Yesterday Apple announced it had sold over 100 million iPods.
Damn, that’s a lot of iPods.
I’m not one to brag, but without my help, Apple might have had to wait nearly another .0000136 seconds for its Official iPod Odometer to reveal that important ninth digit. I’m writing, of course, about my collection of iPods, the glories of which I will now recount.
iPod # 172
My very first iPod was among the number passed out to members of the press at the conclusion of the iPod’s initial unveiling. It held an astounding (at the time) 5GB of music—the legendary “1,000 songs in your pocket”—included a FireWire port, worked only with Macs, and lacked such niceties as contacts and calendars, notes, a clock, scrubbing during playback, and even music shuffling.
These were beta models that Apple asked to be returned so they could be replaced with the shipping version. (What made them beta was the existence of a data port on the motherboard that didn’t exist in The Real Thing.) Regrettably, by the time Apple asked for mine, it was in pieces.
Because the original iPod shipped without a case—and third-parties had yet to manufacture such things—I was tasked by Macworld to see how much abuse an iPod could take before it came a cropper. The answer: Two drops on concrete while jogging and another two drops while bicycling at high speed.
As you might imagine, the subsequent phone call with Apple Loans was a little uncomfortable.
After swearing I would never, ever intentionally break another free iPod (a promise I’ve kept, though I’ve unintentionally destroyed my fair share of the little buggers), Apple replaced the beta iPod with this one. And yes, I sent the beta back in pieces. This one eventually became my “Hey, let’s take apart and iPod and drool at what’s inside!” model (and was featured in a TechTV Screen Savers segment that’s made its way to YouTube).
It still works, houses an upgraded battery as well as a 15GB hard drive salvaged from a third-generation iPod that was a victim of friendly fire.
My 10GB second-generation iPod. Old manual scroll wheel was replaced by a touch-sensitive wheel (but not a clickwheel), plastic cover over the FireWire port. This one eventually went to my niece who broke it within days.
The 20GB version of the 2G iPod for Windows. Yes, in those days Apple made an iPod specifically for Windows users. The difference between it and a “Mac” iPod? The MusicMatch software bundled with it. (A Windows version of iTunes wasn’t yet available. And yes, the MusicMatch software was awful.)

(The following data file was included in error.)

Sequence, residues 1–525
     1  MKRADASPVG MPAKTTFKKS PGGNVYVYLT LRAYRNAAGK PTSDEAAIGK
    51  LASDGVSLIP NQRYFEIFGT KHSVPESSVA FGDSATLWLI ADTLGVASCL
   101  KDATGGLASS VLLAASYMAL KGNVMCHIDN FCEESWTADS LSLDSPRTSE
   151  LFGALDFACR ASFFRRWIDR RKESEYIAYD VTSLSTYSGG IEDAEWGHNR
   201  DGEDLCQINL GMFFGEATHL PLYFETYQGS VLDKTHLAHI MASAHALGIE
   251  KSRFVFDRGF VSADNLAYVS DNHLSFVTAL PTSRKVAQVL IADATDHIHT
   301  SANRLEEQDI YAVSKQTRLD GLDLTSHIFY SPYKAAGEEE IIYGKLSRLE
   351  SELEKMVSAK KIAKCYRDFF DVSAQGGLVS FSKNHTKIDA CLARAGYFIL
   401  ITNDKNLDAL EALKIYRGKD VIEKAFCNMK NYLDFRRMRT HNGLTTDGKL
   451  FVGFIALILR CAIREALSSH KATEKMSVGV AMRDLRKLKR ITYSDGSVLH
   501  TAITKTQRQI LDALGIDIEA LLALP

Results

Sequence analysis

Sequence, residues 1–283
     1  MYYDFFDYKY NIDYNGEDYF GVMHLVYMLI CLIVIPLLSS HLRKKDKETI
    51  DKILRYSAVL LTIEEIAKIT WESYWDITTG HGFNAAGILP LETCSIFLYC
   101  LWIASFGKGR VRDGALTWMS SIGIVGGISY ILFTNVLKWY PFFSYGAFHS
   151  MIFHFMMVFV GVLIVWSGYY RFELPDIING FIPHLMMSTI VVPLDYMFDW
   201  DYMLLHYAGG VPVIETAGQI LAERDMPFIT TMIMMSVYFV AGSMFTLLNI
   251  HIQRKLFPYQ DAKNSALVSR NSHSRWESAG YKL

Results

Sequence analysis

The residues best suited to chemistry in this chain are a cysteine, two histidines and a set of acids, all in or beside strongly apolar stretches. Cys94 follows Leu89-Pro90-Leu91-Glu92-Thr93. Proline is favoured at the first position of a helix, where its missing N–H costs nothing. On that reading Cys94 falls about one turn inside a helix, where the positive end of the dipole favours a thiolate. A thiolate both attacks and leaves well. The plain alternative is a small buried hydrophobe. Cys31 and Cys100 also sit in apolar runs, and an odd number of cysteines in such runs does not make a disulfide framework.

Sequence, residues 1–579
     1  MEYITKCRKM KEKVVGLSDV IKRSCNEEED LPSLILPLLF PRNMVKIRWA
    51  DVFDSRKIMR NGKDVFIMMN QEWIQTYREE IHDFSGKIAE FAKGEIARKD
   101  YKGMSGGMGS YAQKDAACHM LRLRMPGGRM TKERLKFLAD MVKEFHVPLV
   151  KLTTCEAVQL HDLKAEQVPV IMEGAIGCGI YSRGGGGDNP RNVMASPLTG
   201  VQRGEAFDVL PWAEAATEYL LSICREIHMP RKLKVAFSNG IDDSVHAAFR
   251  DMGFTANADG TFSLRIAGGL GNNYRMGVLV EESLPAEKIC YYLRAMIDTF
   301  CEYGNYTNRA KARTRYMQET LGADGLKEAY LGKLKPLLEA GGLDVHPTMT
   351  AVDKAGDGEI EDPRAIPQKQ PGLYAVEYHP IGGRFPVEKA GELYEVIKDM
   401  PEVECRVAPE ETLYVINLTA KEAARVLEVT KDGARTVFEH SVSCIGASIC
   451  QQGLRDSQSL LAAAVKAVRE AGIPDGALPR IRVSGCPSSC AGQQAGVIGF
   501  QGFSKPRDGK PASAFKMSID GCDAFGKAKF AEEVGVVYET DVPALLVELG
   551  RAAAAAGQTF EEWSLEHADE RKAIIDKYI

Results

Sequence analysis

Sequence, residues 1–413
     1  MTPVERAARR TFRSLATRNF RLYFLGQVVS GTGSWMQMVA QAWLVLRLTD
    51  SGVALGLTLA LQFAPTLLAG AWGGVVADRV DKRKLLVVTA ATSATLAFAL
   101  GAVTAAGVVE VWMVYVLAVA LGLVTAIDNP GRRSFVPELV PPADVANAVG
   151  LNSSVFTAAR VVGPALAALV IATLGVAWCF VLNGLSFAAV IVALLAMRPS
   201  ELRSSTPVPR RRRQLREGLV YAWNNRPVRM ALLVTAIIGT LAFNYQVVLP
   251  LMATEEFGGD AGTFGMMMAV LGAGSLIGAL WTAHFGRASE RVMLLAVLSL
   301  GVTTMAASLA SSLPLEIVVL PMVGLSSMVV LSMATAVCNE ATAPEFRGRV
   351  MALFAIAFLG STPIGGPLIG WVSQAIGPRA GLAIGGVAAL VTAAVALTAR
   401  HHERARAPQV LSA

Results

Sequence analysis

I just picked it up and, good lord, I can’t believe how this once sleek and sexy music player now feels like it was designed in an under-funded mid-70s Soviet satellite.
If Apple’s willingness to send along free hardware tells you anything about the success of a product we can count the 2G iPod as the time when the company began to realize it had a huge hit on its hands. This was the last free iPod I received from Apple. Future requests were met with a stony silence.
iPod # 2,213,896
First 15GB third-generation iPod—the one with the four touch-sensitive buttons above the scroll wheel.
Second 15GB third-generation iPod that replaced the first one, which suffered from the overheated-iPod-black-screen-of-death.
Third 15GB third-generation iPod that replaced the second one, which likewise suffered from the OiBSoD.
By this time I was working on the third edition of my book, Secrets of the iPod . In the first edition I ripped apart the iPod and snapped a few pictures so readers could see its intimate parts. This digital strip show became a regular feature of the next few editions (this was before websites raced to eviscerate new hunks of hardware, as is all-too-common today) and I needed shots of the 3G iPod for the latest edition. This one I broke because I didn’t realize there was a data cable glued to the inside of the back plate and opening it from top to bottom was a bad thing. Its hard drive replaced the 5GB hard drive in my first-generation iPod.
Fourth 15GB third-generation iPod that replaced the one I’d broken. Still have it. Still don’t care for those buttons.
My first 4GB iPod mini—blue. On the day Steve Jobs announced the iPod mini at Macworld Expo Leo Laporte and I, on TechTV’s Call For Help, declared the mini far too expensive and sure to tank.
We were, uh, really, really wrong.
This mini convinced me that pulling apart iPods for the sake of revealing their guts to the world was a job best left to steadier and more patient hands. I cut my hand badly and wound up destroying the poor thing. I still occasionally dangle a baggy filled with its many parts in front of children with aspirations of getting into the technical journalism biz as a lesson in what can happen.